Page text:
Such "secret" rooms, intended to keep sensitive confidential or even classified information out of the earshot of unauthorized listeners, might meet DOD standards, but they offer less protection against snooping than is found in a luxury condo, Marlund Hale of Advanced Engineering Acoustics in Simi Valley, Calif., says.
Hale evaluated the acoustic security of several classified spaces, including a supposedly secure conference room at a U.S. military installation and several classified spaces at a National Guard base. The facilities complied with DOD acoustical design criteria and passed acoustical standard field tests, but "failed to provide the desired secret-level acoustical performance," he said.
A common problem, he said, is that some contractors fail to adhere to specific design details during a secure room's construction. While the individual components of such spaces -- floors, walls, doors, windows, air ducts -- proved secure in laboratory testing, they didn't retain that level of security when pieced together to make a room, Hale said.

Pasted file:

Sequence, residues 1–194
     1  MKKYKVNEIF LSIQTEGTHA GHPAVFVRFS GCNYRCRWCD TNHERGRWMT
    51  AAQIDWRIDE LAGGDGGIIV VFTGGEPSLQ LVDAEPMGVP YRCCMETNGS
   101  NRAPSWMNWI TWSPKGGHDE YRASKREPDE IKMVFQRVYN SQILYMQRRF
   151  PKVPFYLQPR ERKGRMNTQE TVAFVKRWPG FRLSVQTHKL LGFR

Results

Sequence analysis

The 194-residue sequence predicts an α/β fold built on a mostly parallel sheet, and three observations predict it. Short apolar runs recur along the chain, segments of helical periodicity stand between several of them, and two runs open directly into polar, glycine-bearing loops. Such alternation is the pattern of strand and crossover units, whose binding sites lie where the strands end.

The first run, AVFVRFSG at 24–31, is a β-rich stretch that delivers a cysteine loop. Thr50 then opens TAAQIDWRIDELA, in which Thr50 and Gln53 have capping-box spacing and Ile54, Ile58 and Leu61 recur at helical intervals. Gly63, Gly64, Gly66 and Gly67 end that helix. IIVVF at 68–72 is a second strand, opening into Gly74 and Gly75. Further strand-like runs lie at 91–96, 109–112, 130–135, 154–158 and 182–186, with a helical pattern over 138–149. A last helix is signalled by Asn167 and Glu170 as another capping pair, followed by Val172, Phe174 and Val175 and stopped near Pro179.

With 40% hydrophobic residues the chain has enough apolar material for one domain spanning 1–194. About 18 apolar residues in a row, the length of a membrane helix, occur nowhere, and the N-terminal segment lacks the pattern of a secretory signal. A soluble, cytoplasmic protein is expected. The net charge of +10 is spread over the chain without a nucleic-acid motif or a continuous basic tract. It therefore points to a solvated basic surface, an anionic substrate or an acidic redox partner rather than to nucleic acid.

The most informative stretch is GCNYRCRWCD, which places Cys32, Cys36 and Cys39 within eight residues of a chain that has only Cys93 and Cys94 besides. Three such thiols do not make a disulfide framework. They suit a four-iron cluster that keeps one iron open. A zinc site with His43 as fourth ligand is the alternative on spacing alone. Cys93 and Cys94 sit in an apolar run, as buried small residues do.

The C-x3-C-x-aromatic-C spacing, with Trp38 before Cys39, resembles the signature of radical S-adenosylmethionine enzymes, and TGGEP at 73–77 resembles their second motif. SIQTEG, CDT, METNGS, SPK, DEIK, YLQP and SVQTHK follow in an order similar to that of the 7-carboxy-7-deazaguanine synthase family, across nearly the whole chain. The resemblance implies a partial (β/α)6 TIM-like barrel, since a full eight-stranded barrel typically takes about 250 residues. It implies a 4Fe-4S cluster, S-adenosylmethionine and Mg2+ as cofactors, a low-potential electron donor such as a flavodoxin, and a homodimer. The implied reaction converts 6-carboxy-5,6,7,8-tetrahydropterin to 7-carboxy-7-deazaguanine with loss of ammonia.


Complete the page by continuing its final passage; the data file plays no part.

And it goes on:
The root problem is that DOD design criteria are not stringent enough, he said.
"The minimum acceptable performance standards for secret military facilities should be adequate to prevent secret information from being understood in adjacent non-classified spaces," Hale told a meeting of the Acoustical Society of America in San Francisco Wednesday. "It is interesting that DOD design standards only require sufficient acoustical isolation to prevent a casual passerby from understanding classified information, but do not need to be adequate to prevent a deliberate effort by someone to understand that information."